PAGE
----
- Monday, 20 November, 2017
18:00 - 19:45
Registration – 6.00pm
Event Start – 6.30pm
Event Finish – 7.45pm
Delivered by Sir John Jenkins
‘The Chatham House Version Revisited’
Vote of Thanks from Tom Tugendhat, Chairman of the Commons Select Committee on Foreign Affairs
In the struggle against Islamist extremism, history matters. It is often under-appreciated how far groups from across the Islamist spectrum, from the Muslim Brotherhood to Da’esh, are powered by a simplistic yet powerful historical narrative. Events from a century ago – like the collapse of the Ottoman empire, the Skyes-Picot agreement and the Balfour Declaration – loom large in the imagination of contemporary extremists. In part, this is because Islamists have successfully weaponised a version of history that became dominant within western societies.
Almost fifty years ago, Elie Kedourie charted the contours of this in his seminal collection of essays, The Chatham House Version and Other Middle Eastern Studies, which eviscerated the self-flagellating, liberal guilt complex that, to his mind, had taken hold of the British Foreign Office. A hopelessly romantic view of Arab and Muslim societies, Kedourie noted, had become infused with an uncritical and ready acceptance of western malfeasance. In short, the blame for all the problems of ‘the umma’ was laid squarely and solely at the door of the West. There is surely much here that Kedourie would recognise in the narratives that today dominate popular and even scholarly accounts of Middle Eastern history – and which in turn fuel the Islamist culture of grievance and victimhood. There is surely merit therefore in revisiting ‘the Chatham House version’, to reflect on its enduring relevance.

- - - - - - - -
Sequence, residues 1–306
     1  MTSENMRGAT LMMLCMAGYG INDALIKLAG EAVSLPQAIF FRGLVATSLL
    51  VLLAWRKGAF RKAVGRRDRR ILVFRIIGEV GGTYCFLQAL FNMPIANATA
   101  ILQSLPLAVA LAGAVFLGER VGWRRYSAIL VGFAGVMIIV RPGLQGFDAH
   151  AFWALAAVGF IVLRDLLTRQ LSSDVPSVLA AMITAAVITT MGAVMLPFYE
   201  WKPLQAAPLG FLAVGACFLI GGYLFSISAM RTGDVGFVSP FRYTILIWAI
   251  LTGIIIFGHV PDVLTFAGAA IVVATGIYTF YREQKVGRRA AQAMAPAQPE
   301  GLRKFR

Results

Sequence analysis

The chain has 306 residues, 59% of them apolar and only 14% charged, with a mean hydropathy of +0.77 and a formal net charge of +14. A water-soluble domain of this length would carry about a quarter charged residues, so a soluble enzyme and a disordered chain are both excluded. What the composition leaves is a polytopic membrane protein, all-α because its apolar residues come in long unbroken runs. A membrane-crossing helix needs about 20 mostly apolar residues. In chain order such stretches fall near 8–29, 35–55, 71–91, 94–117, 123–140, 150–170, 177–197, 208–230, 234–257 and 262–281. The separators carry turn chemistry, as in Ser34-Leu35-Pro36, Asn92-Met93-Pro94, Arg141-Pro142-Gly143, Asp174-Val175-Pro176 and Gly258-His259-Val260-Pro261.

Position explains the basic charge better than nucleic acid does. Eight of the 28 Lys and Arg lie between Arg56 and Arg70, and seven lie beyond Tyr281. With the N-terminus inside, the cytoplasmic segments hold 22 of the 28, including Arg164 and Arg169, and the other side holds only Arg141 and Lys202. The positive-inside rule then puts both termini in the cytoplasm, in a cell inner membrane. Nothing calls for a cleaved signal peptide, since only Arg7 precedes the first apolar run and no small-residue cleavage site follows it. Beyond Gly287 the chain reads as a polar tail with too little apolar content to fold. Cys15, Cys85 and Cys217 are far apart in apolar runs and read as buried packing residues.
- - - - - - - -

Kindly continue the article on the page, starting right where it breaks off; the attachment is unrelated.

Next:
Elie Kedourie died in 1992, aged just 66. His wife, Sylvia (née Haim) – a distinguished scholar in her own right – died late last year, aged 90. This inaugural lecture celebrates the memory of their shared commitment to the best traditions of incisive, sober and rigorous historical inquiry – what one obituarist called “a special sort of conservative realism”.
Sir John Jenkins served as UK Ambassador to Saudi Arabia, Libya, Iraq, Syria and Burma. During a 35-year career in the FCO, he held a number of other diplomatic posts, particularly in the Middle East, and was recognised as the government’s senior diplomatic Arabist. In 2014, he was tasked by Prime Minister David Cameron to lead a review of British policy towards the Muslim Brotherhood and Islamism. He is Executive Director of The International Institute for Strategic Studies and a Senior Fellow at the Jackson Institute for Global Affairs at Yale.
Venue: Policy Exchange